KING: The optimism there but other administration officials say North Korea still moving ahead with its nuclear program. Listen here, the president's national security adviser John Bolton speaking to reporters after a speech in Washington sounding skeptical that North Korea will deliver on its big promises.


JOHN BOLTON, NATIONAL SECURITY ADVISER: We're still waiting for them. Now the possibility of another meeting between the two presidents obviously exist but President Trump can't make the North Koreans walk through the door he's holding open. They are the ones that have to take the steps to denuclearize and that's what we're waiting for.


KING: And forgive me, but we all know if John Bolton were not working in the White House, a next sentence might be, don't believe what you see in a parade, that's a propaganda ploy. But the president seems to believe what he saw in the parade even though his own people are telling him at the sites, they still have nukes, they're not going back at all and by some accounts they're making more.

DAVIS: Well -- and I think one of the most telling parts of that sound you played from Sarah Sanders was when she was listing off the signs of progress and -- toward denuclearization, she listed the summit in Singapore as if the meeting itself which has always been the president's view was in it of itself a big step toward actually denuclearizing the Korean Peninsula.

[12:50:07] Of course, he has the supreme confidence in his ability to sort of manage this relationship in a way that's going to force Kim Jong-un to do these things, but there has no actually been any evidence that he has done any of them and not making progress or not making progress that's visible to the United States is not the same as actually taking affirmative steps to denuclearize.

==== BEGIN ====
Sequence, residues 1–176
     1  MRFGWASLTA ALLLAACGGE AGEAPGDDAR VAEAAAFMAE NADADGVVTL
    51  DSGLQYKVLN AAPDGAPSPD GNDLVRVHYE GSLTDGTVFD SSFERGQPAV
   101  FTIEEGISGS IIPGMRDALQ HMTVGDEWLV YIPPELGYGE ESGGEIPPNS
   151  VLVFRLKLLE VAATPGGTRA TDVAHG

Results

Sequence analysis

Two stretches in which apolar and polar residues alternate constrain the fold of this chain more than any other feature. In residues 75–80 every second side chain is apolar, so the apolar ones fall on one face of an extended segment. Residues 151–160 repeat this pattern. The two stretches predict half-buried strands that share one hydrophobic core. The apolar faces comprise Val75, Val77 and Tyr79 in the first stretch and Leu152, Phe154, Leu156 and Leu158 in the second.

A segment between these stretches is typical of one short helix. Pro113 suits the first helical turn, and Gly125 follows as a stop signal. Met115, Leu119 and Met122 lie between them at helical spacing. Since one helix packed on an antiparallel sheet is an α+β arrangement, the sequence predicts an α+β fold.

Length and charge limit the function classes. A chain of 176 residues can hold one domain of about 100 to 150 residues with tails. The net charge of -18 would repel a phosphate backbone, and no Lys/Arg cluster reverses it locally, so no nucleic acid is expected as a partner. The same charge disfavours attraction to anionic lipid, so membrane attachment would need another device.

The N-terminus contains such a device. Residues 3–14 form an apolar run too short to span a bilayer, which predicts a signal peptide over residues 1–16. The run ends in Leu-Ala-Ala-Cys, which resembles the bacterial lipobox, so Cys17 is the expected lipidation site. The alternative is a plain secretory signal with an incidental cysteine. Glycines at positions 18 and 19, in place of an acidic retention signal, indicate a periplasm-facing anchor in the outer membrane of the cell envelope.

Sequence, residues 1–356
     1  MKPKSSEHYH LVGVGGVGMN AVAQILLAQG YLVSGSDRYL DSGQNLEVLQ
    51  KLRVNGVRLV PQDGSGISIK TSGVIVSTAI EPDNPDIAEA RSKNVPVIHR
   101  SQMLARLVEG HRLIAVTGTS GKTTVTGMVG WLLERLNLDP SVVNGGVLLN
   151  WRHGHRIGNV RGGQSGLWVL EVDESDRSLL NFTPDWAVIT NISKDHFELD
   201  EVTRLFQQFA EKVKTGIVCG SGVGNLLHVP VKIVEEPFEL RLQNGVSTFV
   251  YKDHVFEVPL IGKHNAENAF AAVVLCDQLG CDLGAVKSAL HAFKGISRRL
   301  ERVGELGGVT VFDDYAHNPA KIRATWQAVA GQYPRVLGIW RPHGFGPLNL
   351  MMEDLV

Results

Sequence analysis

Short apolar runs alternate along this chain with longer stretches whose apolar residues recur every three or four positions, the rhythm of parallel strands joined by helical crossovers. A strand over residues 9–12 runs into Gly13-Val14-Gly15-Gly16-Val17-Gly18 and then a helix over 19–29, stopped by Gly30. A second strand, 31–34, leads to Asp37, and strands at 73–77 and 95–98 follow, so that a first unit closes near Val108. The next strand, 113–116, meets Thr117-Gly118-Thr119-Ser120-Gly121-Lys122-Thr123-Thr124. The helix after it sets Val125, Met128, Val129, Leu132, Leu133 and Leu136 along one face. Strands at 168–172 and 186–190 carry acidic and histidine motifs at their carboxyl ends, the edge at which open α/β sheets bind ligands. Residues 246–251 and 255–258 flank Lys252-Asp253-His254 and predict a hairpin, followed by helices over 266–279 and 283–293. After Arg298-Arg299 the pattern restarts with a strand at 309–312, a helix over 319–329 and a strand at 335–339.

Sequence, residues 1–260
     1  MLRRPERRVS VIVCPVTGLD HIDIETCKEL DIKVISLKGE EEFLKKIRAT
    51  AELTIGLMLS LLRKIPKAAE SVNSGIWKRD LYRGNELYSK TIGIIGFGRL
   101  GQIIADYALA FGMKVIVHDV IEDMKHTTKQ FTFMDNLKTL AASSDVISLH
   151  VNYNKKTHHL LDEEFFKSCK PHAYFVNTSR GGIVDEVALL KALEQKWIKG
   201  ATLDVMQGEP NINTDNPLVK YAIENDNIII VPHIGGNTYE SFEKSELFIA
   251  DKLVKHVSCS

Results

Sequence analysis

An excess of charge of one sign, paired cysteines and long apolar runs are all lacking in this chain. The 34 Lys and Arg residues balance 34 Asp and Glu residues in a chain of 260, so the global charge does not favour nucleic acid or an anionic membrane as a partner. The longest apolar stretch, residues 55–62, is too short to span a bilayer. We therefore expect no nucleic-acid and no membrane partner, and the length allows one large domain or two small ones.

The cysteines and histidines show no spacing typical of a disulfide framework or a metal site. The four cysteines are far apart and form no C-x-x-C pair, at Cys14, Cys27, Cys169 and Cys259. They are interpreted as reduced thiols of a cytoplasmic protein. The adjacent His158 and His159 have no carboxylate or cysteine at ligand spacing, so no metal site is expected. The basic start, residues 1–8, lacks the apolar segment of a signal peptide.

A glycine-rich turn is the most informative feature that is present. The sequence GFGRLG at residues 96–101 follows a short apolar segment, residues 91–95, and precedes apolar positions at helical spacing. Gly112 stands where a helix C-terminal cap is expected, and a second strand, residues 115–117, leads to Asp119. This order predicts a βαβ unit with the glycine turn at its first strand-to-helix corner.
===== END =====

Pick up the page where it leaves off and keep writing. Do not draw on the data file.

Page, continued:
COLLINS: And it's interesting what she said yesterday compared to what they said not that long ago when they canceled Secretary of State Mike Pompeo's planned trip to North Korea, citing a lack of progress on denuclearization. It was the first time we had heard the administration acknowledge that there have been a lack of progress since the Singapore summit, but in the tune completely changed though nothing has changed in the weeks since they canceled his scheduled trip.

KING: Except her statements yesterday closely tracking and welcome to the audience of one, the president's tweets saying, nice parade, we're making progress. That's the president's view.

Quick break, when we come back, two of the key players the president is furious at. Two key players involved Woodward's new book issue new statements. Don't want to miss those.